Another detail of the law is that the material must be "intended, or packaged in a form suitable, for use in the household". Just exactly what does this mean? I don't know.

The CPSC appears to have decided that only if these materials are sold to someone with a BATFE manufacturers permit, this demonstrates that they will not be used in a household.

Because Firefox sells instructions for making fireworks and the materials suitable for making fireworks, they will be hard pressed to make the case that the materials were not intended for the making of fireworks.

The actions of the CPSC against Firefox are of great interest to those rocketeers who make their own motors because Firefox is a major supplier of ammonium perchlorate and powdered metals used in propellant. The CPSC wants to restrict the sale of these materials to only holders of BATFE manufacturers permits. They do not care about what the intended product is or that the BATFE has stated that you can make motors for your own use without a manufacturers permit.

While Firefox certainly appears to be in trouble, the restrictions the CPSC wants will effect far more than the production of "banned" fireworks. Firefox may be able to beat the CPSC on this but it will be expensive and I don't like the odds.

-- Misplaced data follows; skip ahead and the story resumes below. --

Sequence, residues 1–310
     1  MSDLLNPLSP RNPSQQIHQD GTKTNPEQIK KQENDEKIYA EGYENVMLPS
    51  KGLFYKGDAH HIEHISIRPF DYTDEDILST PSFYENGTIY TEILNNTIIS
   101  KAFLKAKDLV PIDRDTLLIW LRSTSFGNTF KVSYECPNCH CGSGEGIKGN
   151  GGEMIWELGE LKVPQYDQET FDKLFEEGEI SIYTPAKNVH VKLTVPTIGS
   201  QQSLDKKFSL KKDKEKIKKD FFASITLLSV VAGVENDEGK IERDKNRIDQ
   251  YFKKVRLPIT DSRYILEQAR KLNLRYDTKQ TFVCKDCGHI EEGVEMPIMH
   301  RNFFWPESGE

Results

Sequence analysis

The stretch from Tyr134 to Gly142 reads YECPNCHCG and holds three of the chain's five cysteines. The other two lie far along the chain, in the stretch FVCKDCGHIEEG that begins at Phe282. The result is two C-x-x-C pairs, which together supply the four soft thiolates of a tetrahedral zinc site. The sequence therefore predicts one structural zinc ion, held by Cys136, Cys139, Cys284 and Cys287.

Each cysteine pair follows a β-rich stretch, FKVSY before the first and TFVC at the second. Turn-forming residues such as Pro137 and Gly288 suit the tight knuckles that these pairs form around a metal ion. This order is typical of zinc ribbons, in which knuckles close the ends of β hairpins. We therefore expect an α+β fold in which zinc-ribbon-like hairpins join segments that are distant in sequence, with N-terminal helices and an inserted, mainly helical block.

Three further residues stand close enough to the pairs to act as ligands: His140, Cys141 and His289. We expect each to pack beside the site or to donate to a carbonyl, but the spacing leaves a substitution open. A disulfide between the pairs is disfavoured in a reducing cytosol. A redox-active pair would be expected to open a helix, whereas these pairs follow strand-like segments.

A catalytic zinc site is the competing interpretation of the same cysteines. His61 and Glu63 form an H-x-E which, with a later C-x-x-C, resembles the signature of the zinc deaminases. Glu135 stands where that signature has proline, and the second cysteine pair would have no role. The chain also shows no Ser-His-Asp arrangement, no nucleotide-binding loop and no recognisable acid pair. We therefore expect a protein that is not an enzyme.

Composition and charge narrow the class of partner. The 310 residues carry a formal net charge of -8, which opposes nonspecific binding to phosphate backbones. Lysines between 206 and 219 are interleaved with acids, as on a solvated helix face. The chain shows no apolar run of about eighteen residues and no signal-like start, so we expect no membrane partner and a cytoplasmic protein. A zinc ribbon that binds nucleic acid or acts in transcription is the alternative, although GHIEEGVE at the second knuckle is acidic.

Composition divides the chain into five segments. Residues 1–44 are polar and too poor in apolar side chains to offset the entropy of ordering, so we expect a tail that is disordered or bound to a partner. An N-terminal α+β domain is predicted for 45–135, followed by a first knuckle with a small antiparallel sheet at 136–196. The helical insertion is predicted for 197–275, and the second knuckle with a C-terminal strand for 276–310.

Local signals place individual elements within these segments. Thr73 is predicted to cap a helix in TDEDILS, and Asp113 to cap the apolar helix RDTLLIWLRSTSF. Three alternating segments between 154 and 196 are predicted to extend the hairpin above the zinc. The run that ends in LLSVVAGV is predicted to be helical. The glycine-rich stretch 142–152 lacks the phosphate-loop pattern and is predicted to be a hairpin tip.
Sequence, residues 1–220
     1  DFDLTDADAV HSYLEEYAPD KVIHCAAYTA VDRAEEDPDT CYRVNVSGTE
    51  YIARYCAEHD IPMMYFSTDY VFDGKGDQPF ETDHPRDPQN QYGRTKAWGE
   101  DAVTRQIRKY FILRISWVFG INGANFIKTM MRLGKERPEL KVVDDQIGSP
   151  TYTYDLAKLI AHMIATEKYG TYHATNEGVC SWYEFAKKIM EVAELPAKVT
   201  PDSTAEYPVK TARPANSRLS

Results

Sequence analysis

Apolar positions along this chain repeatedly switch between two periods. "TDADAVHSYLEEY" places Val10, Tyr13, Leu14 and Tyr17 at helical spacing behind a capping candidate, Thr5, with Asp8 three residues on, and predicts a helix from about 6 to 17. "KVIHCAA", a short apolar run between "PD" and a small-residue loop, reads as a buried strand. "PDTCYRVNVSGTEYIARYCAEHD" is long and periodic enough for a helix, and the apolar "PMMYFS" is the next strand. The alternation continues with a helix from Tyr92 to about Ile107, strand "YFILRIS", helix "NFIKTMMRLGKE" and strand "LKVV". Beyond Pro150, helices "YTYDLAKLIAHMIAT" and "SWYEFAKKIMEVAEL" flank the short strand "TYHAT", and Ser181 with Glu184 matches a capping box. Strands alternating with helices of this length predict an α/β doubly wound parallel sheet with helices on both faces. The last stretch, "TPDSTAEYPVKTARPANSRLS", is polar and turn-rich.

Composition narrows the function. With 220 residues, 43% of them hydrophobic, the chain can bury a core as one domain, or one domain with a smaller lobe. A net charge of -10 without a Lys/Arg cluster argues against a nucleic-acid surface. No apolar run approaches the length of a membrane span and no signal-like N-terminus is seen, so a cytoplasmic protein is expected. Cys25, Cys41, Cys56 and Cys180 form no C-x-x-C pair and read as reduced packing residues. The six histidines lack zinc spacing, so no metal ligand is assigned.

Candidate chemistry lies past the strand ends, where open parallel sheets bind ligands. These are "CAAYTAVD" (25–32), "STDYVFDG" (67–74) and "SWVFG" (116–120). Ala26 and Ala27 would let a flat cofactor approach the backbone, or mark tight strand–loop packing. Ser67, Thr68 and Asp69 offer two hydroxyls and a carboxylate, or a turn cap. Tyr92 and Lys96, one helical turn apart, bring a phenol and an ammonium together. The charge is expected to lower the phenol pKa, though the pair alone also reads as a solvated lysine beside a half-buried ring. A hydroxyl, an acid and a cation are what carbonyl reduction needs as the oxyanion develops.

For a time while I was looking through these laws and regulations, I was afraid that the CPSC could try and impose similar restrictions on rocket motors. Now I know that in order to do that, they would first have to go through the process of adding them to the list of "banned hazardous substances" at 16 CFR 1500.17.

So the commercial side of the hobby is safe for now. The EX part is in trouble because it will become increasingly difficult to purchase chemicals if the CPSC is successful.

July 2006

The CPSC is starting the process to change the regulations. But they are not being nice about it. First they cancelled the hearing where the public gets to comment on their agenda and now they have published an advanced notice of proposed rule making. See also the statement from one of the CPSC commisioners about this.

The referenced report is interesting reading. The number one cause, with a bullet, of the accidents listed is stupidity. So the CPSC wants to make the world safe for idiots. They also home in on the statistic that supports their position which is the number of estimated accidents per population rather than the number in relation to the amount of product used. Which is decreasing. The obvious conclusion from the numbers is that the fireworks are just as safe if not more so but that there are more idiots running around.

In addition, the 2005 fireworks report provides no support for the CPSC's attack on chemical suppliers. They handwave around the fact that few if any incidents with banned fireworks were reported.

There is currently no estimated time for any action beyond the ANPRM. (Still true in 2009.)

Jan. 2007

The court recently handed down a decision in the case against Firefox Enterprises. My take on reading it is that the least of Firefox's troubles were with the CPSC. Most of the document has to do with the improper shipping of hazardous materials. The judge ordered the two sides to negotiate a settlement otherwise he would impose one.

May 2007

No agreement was reached and the judge imposed all of the governments suggested restrictions on 30 April in the form of a permanent injuction against Firefox, its owners, and all successors.